Crickets are members of the order Orthoptera, which include grasshoppers and katydids. Crickets can be distinguished from grasshoppers by the way the wings are carried. The cricket carries its wings folded around the body, while the grasshopper carries its wings tent-like over the body. The sounds produced by crickets are made by the males rubbing their wings together to attract females. There are several hundred species of crickets found throughout the world, but the two most common to invade homes in the United States are the house cricket and field cricket.
House crickets are about 3/4” long with three dark bands on the head and long antennae. The body is light yellowish-brown and this cricket is most active at night, remaining hidden during the day. Field crickets are larger than house crickets and have wings that extend beyond their wing covers. Usually brown or blackish in color, field crickets frequently invade homes and are frequently found in pastures and meadows.
House and field crickets have three stages in their life cycle: egg, nymph, and adult. A cricket begins its life as an egg and develops into a nymph in about 14 days. Nymphs are wingless and look like small versions of adult crickets. Nymphs often times become prey for larger crickets and other insects. Crickets can live for over six weeks and their entire life cycle lasts 2-3 months depending on their surroundings. Crickets are most noticeable in the summer and early fall when populations reach maturity.
To attract females, male crickets chirp by scraping their wings together. After mating, most cricket eggs are laid in the fall in damp soil. A mature female cricket can lay 150-400 eggs per day. Eggs hatch in spring, becoming adults in July and August. Once a cricket reaches maturity and its wings are fully developed, it has two goals: eating and mating. A single female cricket has the ability to produce over 3000 eggs in her short lifetime.
Although they can bite, it is rare for a cricket’s mouthparts to puncture human skin. Crickets do carry a significant number of diseases, but do not transmit any fatal diseases to humans. The danger with crickets isn’t their bite; it is the parasites they can carry in their bodies and in their waste, like E. coli and salmonella.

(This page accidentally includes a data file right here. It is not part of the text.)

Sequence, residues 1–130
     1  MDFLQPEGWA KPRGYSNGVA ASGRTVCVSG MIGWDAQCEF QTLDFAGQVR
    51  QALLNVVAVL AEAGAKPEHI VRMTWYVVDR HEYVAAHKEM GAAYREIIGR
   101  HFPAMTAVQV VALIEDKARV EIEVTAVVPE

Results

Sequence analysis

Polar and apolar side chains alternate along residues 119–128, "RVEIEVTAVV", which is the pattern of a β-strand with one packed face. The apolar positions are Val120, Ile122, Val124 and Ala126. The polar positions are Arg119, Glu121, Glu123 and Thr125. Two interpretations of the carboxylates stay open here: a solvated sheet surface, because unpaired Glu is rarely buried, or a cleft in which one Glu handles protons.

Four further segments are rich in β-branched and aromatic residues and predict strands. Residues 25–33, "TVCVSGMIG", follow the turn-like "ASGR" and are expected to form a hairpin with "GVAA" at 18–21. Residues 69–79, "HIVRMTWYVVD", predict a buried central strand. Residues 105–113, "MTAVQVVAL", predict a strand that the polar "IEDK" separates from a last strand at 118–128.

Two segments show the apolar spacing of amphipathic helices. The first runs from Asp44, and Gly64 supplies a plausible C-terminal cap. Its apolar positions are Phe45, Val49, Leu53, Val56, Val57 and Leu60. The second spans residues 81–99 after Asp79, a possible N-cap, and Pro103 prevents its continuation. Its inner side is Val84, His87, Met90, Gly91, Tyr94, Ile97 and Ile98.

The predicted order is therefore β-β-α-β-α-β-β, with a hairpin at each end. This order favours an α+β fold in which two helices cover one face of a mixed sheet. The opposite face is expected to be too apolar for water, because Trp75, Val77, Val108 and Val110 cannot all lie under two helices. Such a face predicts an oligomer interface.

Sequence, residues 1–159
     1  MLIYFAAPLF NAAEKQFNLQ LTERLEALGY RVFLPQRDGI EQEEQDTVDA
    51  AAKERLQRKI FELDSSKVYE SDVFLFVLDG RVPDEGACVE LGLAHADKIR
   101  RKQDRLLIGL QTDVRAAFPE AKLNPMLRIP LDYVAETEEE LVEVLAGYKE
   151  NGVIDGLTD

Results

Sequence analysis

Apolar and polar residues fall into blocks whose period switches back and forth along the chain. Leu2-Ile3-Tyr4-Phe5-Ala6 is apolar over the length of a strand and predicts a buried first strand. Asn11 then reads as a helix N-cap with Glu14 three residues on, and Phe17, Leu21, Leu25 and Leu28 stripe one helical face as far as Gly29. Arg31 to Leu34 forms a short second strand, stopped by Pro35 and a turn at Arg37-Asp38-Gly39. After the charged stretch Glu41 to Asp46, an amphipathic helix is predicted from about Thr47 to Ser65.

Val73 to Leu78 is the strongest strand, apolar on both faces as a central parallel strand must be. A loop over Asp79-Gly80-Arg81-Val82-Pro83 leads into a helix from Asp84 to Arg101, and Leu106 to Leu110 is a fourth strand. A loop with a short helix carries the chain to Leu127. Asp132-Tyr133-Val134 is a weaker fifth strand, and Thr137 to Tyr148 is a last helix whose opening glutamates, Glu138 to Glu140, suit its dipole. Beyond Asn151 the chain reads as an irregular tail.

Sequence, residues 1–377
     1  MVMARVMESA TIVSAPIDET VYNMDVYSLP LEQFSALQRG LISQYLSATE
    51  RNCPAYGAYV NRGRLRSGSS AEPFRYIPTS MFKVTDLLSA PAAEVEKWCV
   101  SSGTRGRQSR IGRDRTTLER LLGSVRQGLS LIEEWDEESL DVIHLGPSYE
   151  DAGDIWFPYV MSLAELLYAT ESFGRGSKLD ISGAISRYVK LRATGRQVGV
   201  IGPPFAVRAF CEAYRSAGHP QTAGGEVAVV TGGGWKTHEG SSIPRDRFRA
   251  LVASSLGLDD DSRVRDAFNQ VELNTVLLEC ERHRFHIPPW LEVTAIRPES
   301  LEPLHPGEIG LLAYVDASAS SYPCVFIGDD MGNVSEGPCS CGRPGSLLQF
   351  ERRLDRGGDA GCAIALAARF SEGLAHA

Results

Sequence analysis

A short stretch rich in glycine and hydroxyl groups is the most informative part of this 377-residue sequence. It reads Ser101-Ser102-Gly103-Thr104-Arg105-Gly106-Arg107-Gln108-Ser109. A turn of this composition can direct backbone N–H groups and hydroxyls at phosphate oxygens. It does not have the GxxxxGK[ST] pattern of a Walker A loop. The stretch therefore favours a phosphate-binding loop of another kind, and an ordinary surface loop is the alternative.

It is usually after crickets have entered the home that most people really notice them and have complaints. The relentless nocturnal chirping produced by crickets can be especially bothersome to homeowners.
The house cricket and field cricket commonly invade homes in great numbers. When present in large numbers, crickets are a considerable annoyance and can cause damage to some fabrics such as silk, linens, rayon, and furs. They will attack paper, fruits, vegetables, and even rubber. They are omnivorous, eating and drinking almost anything available.
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Unlike other home invaders, such as earwigs and boxelder bugs, which do not survive indoors, crickets do feed indoors and can live for longer periods of time than other nuisance pests. Follow these preventative pest control measures to keep crickets from entering your home.
- Make sure screen doors around your home are tight fitting and in good condition. Use weather stripping and door sweeps to keep crickets outside.
- Crickets commonly spend daylight hours hiding in dark, damp areas. Eliminate piles of wood, bricks, stone and other debris around the home to help reduce hiding spots.
- If crickets or their eggs are found indoors, use a vacuum to clean them up and dispose in trash.
- As crickets are attracted to light, consider changing outdoor lighting to less-attractive yellow bulbs or sodium vapor lamps.
- Place boric acid around the areas of your home where crickets congregate. Boric acid is a natural element that is generally safe for humans, but deadly to insects.
- Diatomaceous earth can be applied both indoors and outdoors and is safe if consumed by pets. Although it has no effect on humans or pets, this product works by scratching the exoskeleton of crickets, which leads to dehydration and death.